What makes people happy? What can you do to increase your own wellbeing?

Lea Waters
Associate Professor Lea Waters will be speaking about the promotion of positive psychology.

The answers to these age-old questions can surface from our favourite books, popular culture, talk-show personalities—and perhaps even your own mother!

For some, happiness is an integration of concepts from eastern and western religion or philosophy.

For others, wellbeing is the hard-earned benefit of lived-experience. 

The promotion of wellbeing is the driving force of positive psychology. Abraham Maslow was the first to coin the term “positive psychology” in 1954, noting “the science of psychology has been far more successful on the negative than the positive side.

It has revealed to us much about man’s shortcomings, his illness, his sins, but little about his potentialities, his virtues, his achievable aspirations, or his full psychological height.”

Over a decade ago, a call was put forth by Drs Martin Seligman and Mihaly Csikszentmihalyi as a rallying cry at the American Psychological Association to renew science’s spotlight on the positive.

Could we in fact answer the question, “What makes life worth living?” using evidence-based practice backed by rigorous research to bring this learning to families, schools, public health, and organisations?

And if we want to best meet the needs of vulnerable young people, isn’t it important to best understand the complete picture of the human being and gain insight into building, nurturing and sustaining positive emotions, engagement, relationships, meaning and accomplishment?

The Berry Street Childhood Institute is excited to feature a leading champion of the field, Associate Professor Lea Waters of the Graduate School of Education at the University of Melbourne.

Read more about her recent work at MGSE and the promotion of positive psychology.

We are pleased that Lea will be one of our featured key note speakers on Friday, 11 October. Come join us at the Berry Street Good Childhood Conference at Mooney Valley Racecourse.

A good childhood for Aboriginal and Torres Strait Islander children

Julian Pocock, Director Public Policy & Practice Development
Julian Pocock, Director Public Policy & Practice Development

In 2007, Ampe Akelyernemane Meke Mekarle – or the Little Children Are Sacred Report – exposed the complexity and shame of sexual abuse of Aboriginal children in the Northern Territory.

Constant media focus on child abuse in the NT followed. Daily reports in The Australian newspaper and nightly stories on ABC’s Lateline.

They covered, paedophile rings, chronic neglect, kids sniffing petrol, kids roaming the streets day and night and the sexual abuse of kids, including kids abusing other kids. All fueled by a daily diet of pornography and alcohol.

Shocking, awful stuff. Hard to digest, hard to think about and harder to know where to start. But, in time, easy to ignore.

With the 2007 Federal Election looming, the NT intervention was announced in response to this ‘national emergency’.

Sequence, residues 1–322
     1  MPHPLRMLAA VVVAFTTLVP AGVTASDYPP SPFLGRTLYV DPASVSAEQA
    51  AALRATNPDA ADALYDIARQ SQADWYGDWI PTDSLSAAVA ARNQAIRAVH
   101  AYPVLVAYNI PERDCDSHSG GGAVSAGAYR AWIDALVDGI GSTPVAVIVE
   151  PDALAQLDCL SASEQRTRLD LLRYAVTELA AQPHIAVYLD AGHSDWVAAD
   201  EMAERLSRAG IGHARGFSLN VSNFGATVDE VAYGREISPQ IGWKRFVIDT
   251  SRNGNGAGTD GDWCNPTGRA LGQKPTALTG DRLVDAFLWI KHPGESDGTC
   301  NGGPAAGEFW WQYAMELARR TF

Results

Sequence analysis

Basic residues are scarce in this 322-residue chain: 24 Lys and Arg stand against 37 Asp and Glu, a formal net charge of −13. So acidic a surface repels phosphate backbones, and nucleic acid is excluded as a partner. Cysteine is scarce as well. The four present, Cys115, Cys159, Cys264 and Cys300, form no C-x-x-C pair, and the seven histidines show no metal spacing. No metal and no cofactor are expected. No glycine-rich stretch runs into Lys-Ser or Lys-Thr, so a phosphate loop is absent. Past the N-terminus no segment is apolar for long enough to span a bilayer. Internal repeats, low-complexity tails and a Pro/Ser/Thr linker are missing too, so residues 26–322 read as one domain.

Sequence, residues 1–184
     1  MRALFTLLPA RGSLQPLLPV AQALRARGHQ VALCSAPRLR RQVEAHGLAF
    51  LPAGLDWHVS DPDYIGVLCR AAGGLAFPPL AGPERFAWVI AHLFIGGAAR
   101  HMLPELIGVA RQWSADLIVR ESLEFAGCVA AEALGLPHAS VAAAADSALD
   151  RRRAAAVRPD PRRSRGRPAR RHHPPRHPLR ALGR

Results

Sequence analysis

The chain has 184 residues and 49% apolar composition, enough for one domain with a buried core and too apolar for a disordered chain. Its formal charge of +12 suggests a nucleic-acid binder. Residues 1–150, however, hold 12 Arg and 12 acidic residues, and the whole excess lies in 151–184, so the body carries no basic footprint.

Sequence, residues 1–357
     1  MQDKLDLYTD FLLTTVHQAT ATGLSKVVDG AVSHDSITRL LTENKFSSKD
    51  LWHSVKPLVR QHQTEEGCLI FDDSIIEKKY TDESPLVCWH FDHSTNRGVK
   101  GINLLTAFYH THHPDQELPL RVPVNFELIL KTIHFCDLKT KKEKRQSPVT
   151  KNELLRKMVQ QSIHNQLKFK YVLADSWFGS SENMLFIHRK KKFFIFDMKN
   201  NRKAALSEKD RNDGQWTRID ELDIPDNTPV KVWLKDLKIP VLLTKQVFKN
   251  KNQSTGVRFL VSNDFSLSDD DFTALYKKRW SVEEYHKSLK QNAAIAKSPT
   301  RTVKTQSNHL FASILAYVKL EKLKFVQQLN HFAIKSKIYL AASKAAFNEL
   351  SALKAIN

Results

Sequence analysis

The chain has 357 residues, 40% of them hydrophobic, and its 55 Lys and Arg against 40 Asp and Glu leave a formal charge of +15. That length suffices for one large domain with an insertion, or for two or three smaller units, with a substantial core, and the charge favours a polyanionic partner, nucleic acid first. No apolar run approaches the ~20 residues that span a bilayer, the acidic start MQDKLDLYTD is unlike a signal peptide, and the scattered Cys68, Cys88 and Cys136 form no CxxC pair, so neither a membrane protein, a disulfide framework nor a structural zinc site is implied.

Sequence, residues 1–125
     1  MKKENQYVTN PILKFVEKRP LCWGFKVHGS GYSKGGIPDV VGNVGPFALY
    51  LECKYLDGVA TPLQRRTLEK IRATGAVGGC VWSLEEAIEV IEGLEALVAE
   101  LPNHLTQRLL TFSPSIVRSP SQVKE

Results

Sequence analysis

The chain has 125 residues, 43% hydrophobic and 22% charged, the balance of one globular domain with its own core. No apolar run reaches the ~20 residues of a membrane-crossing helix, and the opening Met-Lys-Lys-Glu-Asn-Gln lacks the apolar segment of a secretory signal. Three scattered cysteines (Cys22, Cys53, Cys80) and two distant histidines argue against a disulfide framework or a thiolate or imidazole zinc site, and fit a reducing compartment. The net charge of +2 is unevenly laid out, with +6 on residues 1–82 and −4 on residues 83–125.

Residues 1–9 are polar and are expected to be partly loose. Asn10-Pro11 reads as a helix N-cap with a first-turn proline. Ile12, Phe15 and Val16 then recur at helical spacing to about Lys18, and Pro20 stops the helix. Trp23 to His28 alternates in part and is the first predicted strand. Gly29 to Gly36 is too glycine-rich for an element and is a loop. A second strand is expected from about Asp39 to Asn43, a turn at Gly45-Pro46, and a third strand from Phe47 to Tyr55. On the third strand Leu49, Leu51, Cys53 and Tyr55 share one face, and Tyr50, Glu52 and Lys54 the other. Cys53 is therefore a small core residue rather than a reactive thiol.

Just after another election, it’s a good time to ask – has childhood improved for Aboriginal and Torres Strait Islander children?

I’m not sure.

Media stories of neglect and abuse continue. Negative images of Aboriginal kids and families dominate.

Take a look at this photo of a two year old Aboriginal girl from NT in a News.com.au article.

What’s your first thought when you look at it?

At first glance it’s hard not to think she’s been punched.

I had to ask myself, why was that my first thought?

Are we getting any better at providing kids like this with a good childhood?

Welcome to The Good Childhood Conference blog!

CEO, Berry Street
Sandie de Wolf AM – CEO, Berry Street

This is a first for me as I join the blogging community!

At Berry Street, we believe that all children should have a good childhood, growing up feeling safe, nurtured and with hope for the future.  Sadly, evidence and our experience over 136 years tells us that this is not a reality for far too many children.

I think there is a lot for us to learn and share about what sustains a good childhood and how we best support those who have not had this experience. One of the key ways forward is bringing together parents’ experience, the knowledge of practitioners and different disciplines.

There are a wide range of terrific speakers lined up for our inaugural The Good Childhood Conference, designed to appeal to different audiences.  Some will be controversial. That’s part of the intention, because we really want to start a broad conversation about childhood.

We hope to have a large contingent of young people at the Conference – as both presenters and participants.

Like the work of Berry Street, our Conference will appeal to people from many different disciplines.  50 workshops will cover areas such as child protection, education, early years, wellbeing, place-based initiatives, family violence, the impact of technology and Out of Home Care.

We couldn’t be doing this without our Sponsors and Supporting Partners. We are especially grateful to the Department of Families, Housing, Community Services and Indigenous Affairs, who describe their role as helping to build a strong and fair society for all Australians and developing social policies to:

  • Increase opportunities for all Australians to participate in our society and work
  • Promote cohesive and connected society
  • Support basic living standards
  • Support individuals, families and communities to build their capacity

So, please spread the word and I look forward to meeting you at the conference.

Sandie de Wolf, CEO, Berry Street